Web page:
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Queer Little Nightmares, an anthology edited by David Ly and Daniel Zomparelli is a fun and sometimes terrifying collection of queer horror writing. The Lesbrary was provided with a review copy, and I was more than happy to spend time with this collection. Queer Little Nightmares let writers experiment with queerness and horror in a variety of ways. I highly recommend getting your hands on this one if you want some innovative horror writing.
As with any anthology, some stories caught my attention more than others, with my favorites being “Wooly Bully” by Amber Dawn and “Glamour-Us” by Andrew Wilmont.
“Wooly Bully” is a story about coming of age, queer awakenings in a small town, and werewolves. I absolutely loved all the sensory details, the limits of the narrator’s community, and how deeply she feels within that setting. The enforced gender roles as they learn agricultural skills, the way she is put off by the boys but is fascinated by Brenda, the slow realization that the feelings are real and reciprocated—it is a delightful story of teenage growth and queer desire, and the setting was filled in to perfection. The sort of story where the 4-H fair culture of my youth is turned slightly on its head.
“Glamour-Us” is at the other end of the spectrum, about a future where it is possible, for enough money, to purchase either a synthetic body or a self-projection that can be customized, with the rich of course using it as a form of eternal youth. Within the LGBT community though, there is immediate debate as to whether that sort of glamour is a brilliant way for people to transition without struggle or for people to experiment or for people who don’t see themselves as one particular gender and want to flip between projections, and whether such technological assistance is exploitive and something the community doesn’t need. I think the story does a great job of bringing into a short story both an echo of “Dr. Jekyll and Mr. Hyde but make it trans,” the sort of inner community debate that would absolutely happen in these circumstances, and how the threat of bigotry is still a horror that always lurks, no matter the technology.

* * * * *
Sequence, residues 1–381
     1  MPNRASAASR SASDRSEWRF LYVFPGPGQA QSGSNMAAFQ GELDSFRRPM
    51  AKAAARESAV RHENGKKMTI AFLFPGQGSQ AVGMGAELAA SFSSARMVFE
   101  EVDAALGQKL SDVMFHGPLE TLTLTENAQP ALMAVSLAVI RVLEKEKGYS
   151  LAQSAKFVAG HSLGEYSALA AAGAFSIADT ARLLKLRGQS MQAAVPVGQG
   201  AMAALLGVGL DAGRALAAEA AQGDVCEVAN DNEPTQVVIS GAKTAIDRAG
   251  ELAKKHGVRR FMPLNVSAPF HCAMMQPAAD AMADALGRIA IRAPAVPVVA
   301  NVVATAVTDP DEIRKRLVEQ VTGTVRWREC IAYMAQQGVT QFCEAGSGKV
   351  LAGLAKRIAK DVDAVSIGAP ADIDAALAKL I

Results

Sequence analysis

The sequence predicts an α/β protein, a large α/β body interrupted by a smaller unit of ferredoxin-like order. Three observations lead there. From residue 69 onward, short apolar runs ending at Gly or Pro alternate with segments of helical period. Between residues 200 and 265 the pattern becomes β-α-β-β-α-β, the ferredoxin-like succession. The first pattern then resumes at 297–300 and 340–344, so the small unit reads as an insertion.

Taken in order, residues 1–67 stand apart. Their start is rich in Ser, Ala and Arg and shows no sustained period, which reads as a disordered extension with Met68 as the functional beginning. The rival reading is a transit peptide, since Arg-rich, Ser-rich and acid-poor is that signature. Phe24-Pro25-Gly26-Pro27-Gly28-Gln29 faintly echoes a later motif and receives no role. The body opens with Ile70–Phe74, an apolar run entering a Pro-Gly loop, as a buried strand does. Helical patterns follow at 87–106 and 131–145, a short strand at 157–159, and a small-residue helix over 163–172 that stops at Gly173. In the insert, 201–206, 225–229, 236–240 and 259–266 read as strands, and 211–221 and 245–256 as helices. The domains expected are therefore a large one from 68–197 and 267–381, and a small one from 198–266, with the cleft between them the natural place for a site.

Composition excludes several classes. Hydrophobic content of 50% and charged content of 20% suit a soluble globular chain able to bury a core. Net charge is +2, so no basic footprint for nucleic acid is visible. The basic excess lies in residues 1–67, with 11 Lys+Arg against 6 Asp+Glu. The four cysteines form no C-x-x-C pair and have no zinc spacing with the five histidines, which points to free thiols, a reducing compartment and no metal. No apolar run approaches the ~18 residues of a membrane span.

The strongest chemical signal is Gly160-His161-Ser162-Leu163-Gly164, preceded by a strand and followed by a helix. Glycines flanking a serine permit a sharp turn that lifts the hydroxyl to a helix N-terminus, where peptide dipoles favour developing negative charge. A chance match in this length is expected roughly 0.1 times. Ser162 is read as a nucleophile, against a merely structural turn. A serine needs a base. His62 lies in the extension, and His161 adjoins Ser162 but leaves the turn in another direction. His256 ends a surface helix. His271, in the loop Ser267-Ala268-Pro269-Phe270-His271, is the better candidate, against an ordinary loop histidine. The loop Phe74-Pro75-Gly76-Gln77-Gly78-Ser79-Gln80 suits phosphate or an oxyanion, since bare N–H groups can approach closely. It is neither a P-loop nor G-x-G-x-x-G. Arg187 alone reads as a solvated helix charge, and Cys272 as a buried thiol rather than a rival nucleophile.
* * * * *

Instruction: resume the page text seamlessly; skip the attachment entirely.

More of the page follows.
But I enjoyed much of this anthology, and it’s the sort of collection where everyone will have immediate favorites but those favorites will be wildly different. This plays to the biggest strength of this collection which, in my opinion, is the whole range of horror presented, in both prose and poetry format. Horror and monster standards such as werewolves, devils, and creepy carnivals make appearances, but authors also explore how horror interacts with queerness in novel ways, from body horror to love and desire. The editors put together a stunningly broad collection that doesn’t leave you bored. I never knew what sort of story was coming next, and it was a very fun read. I also appreciated that they included both short stories and poetry. I think it presented a varied picture of the complex themes and manner queerness interacts with horror.
In conclusion, if you’re a horror fan you could certainly do worse than picking up Queer Little Nightmares. The range of material gives full scope to queer imagination, and perhaps you will discover new fav authors to follow in the future.
Content warnings: It’s hard in an anthology, particularly a horror anthology, to be comprehensive with warnings but you will find gore, bigotry, body horror, cannibalism, sexual assault, and death at various points within this collection.